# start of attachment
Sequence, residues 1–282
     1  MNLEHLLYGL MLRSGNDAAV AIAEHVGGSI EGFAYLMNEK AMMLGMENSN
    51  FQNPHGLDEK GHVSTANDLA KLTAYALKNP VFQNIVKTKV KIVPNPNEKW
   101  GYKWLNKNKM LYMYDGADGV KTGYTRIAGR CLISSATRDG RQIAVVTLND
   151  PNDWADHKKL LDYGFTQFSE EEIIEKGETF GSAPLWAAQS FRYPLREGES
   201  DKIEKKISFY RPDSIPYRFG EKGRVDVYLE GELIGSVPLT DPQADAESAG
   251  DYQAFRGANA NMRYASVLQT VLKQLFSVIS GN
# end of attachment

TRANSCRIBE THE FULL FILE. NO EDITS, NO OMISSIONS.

Sequence, residues 1–282
     1  MNLEHLLYGL MLRSGNDAAV AIAEHVGGSI EGFAYLMNEK AMMLGMENSN
    51  FQNPHGLDEK GHVSTANDLA KLTAYALKNP VFQNIVKTKV KIVPNPNEKW
   101  GYKWLNKNKM LYMYDGADGV KTGYTRIAGR CLISSATRDG RQIAVVTLND
   151  PNDWADHKKL LDYGFTQFSE EEIIEKGETF GSAPLWAAQS FRYPLREGES
   201  DKIEKKISFY RPDSIPYRFG EKGRVDVYLE GELIGSVPLT DPQADAESAG
   251  DYQAFRGANA NMRYASVLQT VLKQLFSVIS GN